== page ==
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Blog: What’s Going On In There? A Sneak-Peek Into Your Baby’s Brain

children's brains grow more in the first three years of life

A group of us were sitting around with our babies, bleary-eyed and silly with sleep deprivation, and started doing that thing where you say what you imagine your baby is thinking.

Andrew looked at his 9-month-old twins (Nate was mouthing a rattle, Kate was watching him) and said, “Kate is all, ‘What are you doing? Chewing on a toy? You’re acting like a baby!’”

When we think about babies, it’s natural to focus on how different they are from us—how helpless and clueless they seem. But the reality is that even very young babies are trying to make sense of what they are seeing and hearing all around them. They also have a growing ability to feel complex emotions, like sadness and fear, very early in life. Surprising? Yes. In fact, it turns out that many parents tell us they don’t fully understand just how early and deeply their babies are affected by their experiences in the world.

Tuning In—a national parent survey conducted by ZERO TO THREE and the Bezos Family Foundation—revealed these and a number of other important ”a-ha” moments for parents. So if you have ever stared at your baby’s enormous bald head and wondered what on earth was going on in there, consider this a sneak peek into five important ways that your young baby is learning from her experiences in the first year of life.

  1. Your baby can be affected by your moods – and sense how you’re feeling as early as 3 months old. The Tuning In survey found that almost half of parents (47%) believe this doesn’t happen until 1 year of age or older. The truth is that babies pick up on your facial expressions and tone of voice—whether you are sad, angry, or happy—right from the start, and they react accordingly. This is why it’s really important to be mindful of your own emotional state. Having healthy ways to deal with stress and other difficult feelings that come up in parenting (and life) helps you cope in ways that don’t impact your baby.
  2. Very young babies already have very big feelings. Babies can begin feeling sadness and fear as early as 3-5 months of age. Our research revealed that 42% of parents believe babies begin experiencing these feelings at one year or older. But the fact is that way before they can say their first words, and as early as 3 to 5 months old, babies experience a whole range of emotions like joy, sadness, anger, interest and excitement. Tune in to your baby’s facial expressions, sounds and gestures and you’ll find clues about how your baby is feeling. When you respond sensitively, she learns that her feelings matter, which builds her trust in you.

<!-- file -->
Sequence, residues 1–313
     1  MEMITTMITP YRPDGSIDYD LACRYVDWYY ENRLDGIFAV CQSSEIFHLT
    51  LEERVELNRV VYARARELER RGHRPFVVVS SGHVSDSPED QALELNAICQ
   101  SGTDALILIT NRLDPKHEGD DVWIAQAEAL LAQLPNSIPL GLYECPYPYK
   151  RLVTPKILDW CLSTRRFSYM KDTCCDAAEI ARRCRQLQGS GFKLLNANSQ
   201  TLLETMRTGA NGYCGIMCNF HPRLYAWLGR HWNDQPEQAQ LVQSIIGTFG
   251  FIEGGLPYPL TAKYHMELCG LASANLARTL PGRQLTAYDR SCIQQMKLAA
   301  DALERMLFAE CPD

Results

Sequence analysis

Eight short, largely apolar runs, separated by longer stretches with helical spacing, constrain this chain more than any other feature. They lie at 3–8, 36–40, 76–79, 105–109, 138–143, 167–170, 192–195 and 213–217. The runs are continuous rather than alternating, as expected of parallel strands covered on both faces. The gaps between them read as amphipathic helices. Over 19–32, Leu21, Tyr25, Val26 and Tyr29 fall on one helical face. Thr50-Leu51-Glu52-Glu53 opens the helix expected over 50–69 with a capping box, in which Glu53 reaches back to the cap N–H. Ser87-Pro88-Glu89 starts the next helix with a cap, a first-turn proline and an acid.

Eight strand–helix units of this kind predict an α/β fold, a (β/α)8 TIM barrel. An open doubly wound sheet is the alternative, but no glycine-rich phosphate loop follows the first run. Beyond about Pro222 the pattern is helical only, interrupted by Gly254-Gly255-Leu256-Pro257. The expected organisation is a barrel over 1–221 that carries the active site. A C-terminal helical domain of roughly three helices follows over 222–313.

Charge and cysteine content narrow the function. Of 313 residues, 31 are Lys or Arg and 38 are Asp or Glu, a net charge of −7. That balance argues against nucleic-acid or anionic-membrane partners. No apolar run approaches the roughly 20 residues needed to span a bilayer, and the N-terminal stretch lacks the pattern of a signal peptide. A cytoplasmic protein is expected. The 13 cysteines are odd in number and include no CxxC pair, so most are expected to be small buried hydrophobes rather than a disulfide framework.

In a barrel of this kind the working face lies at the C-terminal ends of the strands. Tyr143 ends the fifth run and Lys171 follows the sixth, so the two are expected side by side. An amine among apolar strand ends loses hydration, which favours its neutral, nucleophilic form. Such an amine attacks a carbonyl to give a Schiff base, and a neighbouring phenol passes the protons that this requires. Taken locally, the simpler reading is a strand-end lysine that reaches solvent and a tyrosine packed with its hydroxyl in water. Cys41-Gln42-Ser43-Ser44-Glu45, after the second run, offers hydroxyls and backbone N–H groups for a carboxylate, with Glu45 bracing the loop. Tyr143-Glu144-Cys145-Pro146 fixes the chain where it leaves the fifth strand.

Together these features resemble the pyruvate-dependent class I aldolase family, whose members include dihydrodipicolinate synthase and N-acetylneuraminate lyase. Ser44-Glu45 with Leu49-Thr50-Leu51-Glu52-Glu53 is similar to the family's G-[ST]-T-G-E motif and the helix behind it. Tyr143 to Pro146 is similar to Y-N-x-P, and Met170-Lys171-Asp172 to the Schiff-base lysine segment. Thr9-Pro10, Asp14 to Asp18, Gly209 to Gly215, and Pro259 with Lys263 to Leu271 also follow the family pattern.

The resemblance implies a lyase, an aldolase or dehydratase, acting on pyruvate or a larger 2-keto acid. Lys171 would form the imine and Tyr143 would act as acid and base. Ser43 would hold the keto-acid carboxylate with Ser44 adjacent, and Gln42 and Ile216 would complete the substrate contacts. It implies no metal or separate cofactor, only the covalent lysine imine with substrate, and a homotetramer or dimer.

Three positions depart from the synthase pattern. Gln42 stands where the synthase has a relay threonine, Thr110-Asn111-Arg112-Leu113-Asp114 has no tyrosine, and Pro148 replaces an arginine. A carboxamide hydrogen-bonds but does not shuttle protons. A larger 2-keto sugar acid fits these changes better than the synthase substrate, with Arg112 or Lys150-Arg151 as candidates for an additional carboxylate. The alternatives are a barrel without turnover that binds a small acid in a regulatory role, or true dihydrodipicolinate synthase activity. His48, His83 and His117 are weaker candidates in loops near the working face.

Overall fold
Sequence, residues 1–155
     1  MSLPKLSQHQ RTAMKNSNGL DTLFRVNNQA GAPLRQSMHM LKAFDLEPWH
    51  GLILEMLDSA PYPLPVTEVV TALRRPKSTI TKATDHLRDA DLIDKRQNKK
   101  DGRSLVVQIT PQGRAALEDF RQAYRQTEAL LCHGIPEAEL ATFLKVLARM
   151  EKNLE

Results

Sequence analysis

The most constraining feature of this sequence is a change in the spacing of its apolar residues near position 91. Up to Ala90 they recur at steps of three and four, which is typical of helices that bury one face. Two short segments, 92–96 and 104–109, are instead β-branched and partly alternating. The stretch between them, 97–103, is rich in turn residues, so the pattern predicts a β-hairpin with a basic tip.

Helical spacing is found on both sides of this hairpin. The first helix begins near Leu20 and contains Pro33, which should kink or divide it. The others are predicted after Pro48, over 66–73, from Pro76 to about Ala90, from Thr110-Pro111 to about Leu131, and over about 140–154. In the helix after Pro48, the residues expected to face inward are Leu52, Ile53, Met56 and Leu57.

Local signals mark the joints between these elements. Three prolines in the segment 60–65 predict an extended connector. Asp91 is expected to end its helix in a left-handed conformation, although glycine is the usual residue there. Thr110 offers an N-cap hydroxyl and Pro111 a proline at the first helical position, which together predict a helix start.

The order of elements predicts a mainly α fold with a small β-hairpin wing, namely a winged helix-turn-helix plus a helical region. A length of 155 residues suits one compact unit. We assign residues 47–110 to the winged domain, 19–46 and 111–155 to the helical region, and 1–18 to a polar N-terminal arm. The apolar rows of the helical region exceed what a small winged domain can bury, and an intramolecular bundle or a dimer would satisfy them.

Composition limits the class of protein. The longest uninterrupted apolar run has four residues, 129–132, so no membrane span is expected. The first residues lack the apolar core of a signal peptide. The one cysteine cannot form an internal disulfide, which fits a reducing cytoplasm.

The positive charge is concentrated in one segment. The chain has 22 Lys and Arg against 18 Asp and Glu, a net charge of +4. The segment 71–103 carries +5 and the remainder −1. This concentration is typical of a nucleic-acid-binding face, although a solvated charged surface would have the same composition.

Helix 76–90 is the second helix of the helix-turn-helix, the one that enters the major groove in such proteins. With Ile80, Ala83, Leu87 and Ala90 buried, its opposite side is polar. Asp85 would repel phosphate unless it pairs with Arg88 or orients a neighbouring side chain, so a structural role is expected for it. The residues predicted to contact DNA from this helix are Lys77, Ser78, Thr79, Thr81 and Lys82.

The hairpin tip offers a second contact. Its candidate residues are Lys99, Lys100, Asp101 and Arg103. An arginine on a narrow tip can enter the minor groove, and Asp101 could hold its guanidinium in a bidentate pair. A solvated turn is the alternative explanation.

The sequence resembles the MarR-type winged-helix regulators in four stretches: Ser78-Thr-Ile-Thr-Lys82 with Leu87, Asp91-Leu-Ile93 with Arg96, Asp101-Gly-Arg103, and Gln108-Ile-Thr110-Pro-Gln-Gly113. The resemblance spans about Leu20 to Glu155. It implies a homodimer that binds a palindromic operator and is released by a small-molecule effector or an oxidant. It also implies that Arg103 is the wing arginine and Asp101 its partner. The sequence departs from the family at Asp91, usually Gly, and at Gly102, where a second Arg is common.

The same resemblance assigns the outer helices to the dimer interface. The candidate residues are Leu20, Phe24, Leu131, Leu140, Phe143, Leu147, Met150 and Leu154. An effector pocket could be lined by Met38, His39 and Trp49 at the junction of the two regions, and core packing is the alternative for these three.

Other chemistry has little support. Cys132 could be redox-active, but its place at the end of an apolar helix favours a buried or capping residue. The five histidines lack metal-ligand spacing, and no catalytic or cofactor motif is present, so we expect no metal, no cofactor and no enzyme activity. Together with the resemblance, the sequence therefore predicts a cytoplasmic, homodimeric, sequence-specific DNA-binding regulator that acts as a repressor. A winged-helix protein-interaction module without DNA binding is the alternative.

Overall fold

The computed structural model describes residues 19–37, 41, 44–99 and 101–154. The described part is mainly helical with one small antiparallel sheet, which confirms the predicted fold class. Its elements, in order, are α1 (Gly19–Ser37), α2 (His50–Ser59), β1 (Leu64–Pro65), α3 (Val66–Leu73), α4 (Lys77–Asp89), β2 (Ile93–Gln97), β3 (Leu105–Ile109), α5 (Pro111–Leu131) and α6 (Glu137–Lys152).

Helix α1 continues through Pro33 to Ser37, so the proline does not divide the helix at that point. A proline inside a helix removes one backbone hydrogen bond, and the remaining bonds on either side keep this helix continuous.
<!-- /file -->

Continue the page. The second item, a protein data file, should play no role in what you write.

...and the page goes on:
3. Your baby knows when you’re sharing important information. Even young babies know when you are showing or telling them something you want them to focus on. They pay special attention when you make eye contact, call their name, and use that high-pitched, sing-song voice (“parentese”) that babies love. In fact, research has found that the more you talk to babies using parentese, the more words they learn over the long run.
  4. Babies figure out what’s going on in the world by watching your reaction. They read your facial expressions and actions to see whether a new person or situation is safe. If you smile at a new child care provider and tell your child what a good time he is going to have with her, your child will feel safe and happier about this new person. But if you show worry, and keep coming back to check on him, your baby may think that child care is not such a good place and start to feel worried and unsure, making the transition tougher. So think about how you want your child to feel about new experiences and then act in ways that will help your baby cope.
  5. Babies can be affected by ongoing stress in their environment as early as 6 months old. Tuning In found that parents expected this to happen much later.

Stress can come in many forms for young children, from angry faces and reactions, rough handling, big changes in their daily routine or being overloaded by too much stimulation. There’s even research showing that sleeping babies’ stress levels go up when there is shouting in the home (yet 47% of parents believe this doesn’t affect children until age 1). So while disagreements with a co-parent are naturally going to happen, remember that living with ongoing stress and fear can negatively affect children’s development. Surrounding your baby with nurturing relationships sets the foundation for healthy development both now and in the long-run.


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